“When you’ve paid your rent, you’ve paid your tax.”
“So what’s a Georgist?” you ask. A Georgist (or at least a “full-on” Georgist) is someone who says there should be no taxes except those on land values, payable by the owners — and is keen to explain that “land” doesn’t include buildings. (It does include natural resources, monopolies and statutory cartels; but those details affect only a minority of businesses.)
Under a full-on Georgist system, a typical business on rented premises never hears from the tax man, ever. You don’t pay income tax on your profits. You don’t pay payroll tax on your workforce. You don’t collect personal income tax owed by your employees. You don’t collect GST/VAT from your customers or pay sales tax on your sales. You don’t pay stamp duties on your insurance premiums. If you rent your premises, you don’t pay council rates or property taxes; they’re your landlord’s problem (and are levied solely on the land value).
In short, under a full-on Georgist system, if you’re on rented premises you simply pay the rent, out of which the landlord pays the tax on the land value. When you’ve paid your rent, you’ve paid your tax.
“Ah,” you say, “but how does the landlord’s tax affect my rent bill‽” By reducing it. The landlord’s tax is payable on the value of the land, not on the rent actually received. So the tax is payable whether the premises are rented or not. So the landlord must find and keep a tenant in order to get income to cover the tax bill. That’s a strong incentive not to ask for too much rent. Moreover, in order to find and keep tenants, landlords need to build accommodation if they haven’t already done so, and doing so doesn’t increase their tax bills. That tends to increase the supply of accommodation and thereby reduce rents.
The tenants don’t have it all their own way. Prospective tenants compete against each other to lease premises. So if they no longer pay tax or incur compliance costs, the competition will tend to raise rents. This is not a tax being shifted from landlords to tenants, but rather a benefit being shifted from tenants to landlords. But, because the land-value tax increases the pressure on landlords to find and retain tenants, it strengthens the bargaining positions of tenants relative to landlords, so that only some of the benefit for tenants is competed away. The Georgist reform, like any tax reform, has its costs and benefits. But for renters at least, the benefits outweigh the costs.*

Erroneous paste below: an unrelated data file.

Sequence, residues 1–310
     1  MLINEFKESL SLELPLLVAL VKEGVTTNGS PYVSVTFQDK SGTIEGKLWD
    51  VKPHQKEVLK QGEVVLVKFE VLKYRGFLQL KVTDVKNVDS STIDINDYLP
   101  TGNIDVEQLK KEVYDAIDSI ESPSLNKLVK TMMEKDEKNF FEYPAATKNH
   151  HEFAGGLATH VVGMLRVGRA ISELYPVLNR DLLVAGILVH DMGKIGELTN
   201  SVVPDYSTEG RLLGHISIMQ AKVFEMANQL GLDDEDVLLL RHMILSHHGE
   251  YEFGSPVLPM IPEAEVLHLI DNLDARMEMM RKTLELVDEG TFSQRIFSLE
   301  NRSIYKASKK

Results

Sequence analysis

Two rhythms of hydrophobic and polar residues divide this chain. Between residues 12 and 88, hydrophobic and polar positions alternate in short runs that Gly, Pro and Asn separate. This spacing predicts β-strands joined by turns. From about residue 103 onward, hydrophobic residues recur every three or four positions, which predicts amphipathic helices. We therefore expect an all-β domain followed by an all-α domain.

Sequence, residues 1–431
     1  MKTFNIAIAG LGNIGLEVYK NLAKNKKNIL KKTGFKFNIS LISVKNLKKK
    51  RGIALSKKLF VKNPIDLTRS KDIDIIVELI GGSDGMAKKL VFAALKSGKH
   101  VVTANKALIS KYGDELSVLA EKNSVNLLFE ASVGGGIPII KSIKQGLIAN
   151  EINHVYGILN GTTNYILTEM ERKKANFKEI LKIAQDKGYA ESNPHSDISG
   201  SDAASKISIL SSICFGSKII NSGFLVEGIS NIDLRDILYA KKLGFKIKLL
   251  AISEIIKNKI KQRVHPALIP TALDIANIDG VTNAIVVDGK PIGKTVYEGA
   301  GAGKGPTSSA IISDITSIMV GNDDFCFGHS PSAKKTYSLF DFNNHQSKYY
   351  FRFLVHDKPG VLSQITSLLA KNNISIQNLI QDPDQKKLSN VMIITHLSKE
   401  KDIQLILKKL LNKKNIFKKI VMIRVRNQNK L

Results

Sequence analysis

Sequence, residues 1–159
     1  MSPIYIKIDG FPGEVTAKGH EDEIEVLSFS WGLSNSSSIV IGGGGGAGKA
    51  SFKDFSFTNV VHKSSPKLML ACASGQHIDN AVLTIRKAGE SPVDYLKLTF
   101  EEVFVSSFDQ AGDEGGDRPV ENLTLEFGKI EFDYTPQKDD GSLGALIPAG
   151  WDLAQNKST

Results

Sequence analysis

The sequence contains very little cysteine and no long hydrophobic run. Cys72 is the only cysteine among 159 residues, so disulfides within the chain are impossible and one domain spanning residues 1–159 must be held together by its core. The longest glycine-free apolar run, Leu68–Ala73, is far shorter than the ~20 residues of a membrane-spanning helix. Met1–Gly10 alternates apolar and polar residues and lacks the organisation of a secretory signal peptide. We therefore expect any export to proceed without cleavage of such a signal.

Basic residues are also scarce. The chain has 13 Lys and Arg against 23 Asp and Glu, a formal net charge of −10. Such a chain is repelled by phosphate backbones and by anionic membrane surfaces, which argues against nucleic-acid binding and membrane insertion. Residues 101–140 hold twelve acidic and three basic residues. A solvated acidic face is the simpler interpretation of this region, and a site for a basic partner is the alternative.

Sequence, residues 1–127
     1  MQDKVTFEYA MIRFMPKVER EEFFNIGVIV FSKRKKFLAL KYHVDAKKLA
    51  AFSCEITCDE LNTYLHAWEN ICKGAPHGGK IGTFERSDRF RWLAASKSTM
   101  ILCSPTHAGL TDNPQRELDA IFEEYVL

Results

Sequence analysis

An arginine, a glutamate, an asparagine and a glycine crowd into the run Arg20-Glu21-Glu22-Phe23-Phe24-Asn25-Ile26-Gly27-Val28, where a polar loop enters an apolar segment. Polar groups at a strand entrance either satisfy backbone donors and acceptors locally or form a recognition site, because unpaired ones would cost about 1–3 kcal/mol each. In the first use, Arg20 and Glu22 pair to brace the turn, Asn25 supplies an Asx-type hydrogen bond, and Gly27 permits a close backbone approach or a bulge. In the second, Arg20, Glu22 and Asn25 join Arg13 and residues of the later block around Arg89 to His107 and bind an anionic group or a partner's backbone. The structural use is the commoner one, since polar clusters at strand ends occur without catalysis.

Even your landlord is better off in terms of time, and “time’s money”. The land-value tax is simply a periodic bill to pay. There’s no income-tax return or “business activity statement” or other tax-related record-keeping.
Under a full-on Georgist system, if you’re a typical business tenant, you never hear from the tax man in your business capacity. Whether you hear from him in your personal capacity depends on whether you own any other land. If the only land that you own is under your home, you still probably pay less under a Georgist system than under the present system, because your interests as a land owner are probably outweighed by your interests as a building owner, business operator, and consumer. This is especially the case when you consider “How income tax feeds into prices”.
To say nothing of the fact that a Georgist system leads to more income and wealth because it doesn’t penalize productive activities. The land-value tax is on owning the land, and whoever owns it will not be penalized for doing anything with it, but will be obliged to do something with it in order to generate income to cover the tax.
Needless to say, a Georgist system makes residential accommodation more affordable in the same way that it makes commercial accommodation more affordable. So if you rent your home and aren’t a full-on Georgist, you likewise need your head read. And if you rent both your home and your business premises and aren’t a full-on Georgist, then, if my arithmetic serves me correctly, you need your head read twice.
* Of course, if the tax were payable only if the land is actually rented, then the landlord could hold out for higher rent and avoid the tax while holding out. But that’s not how a land-value tax works. For more details see “Why land tax can’t be shifted onto tenants” (wonkish).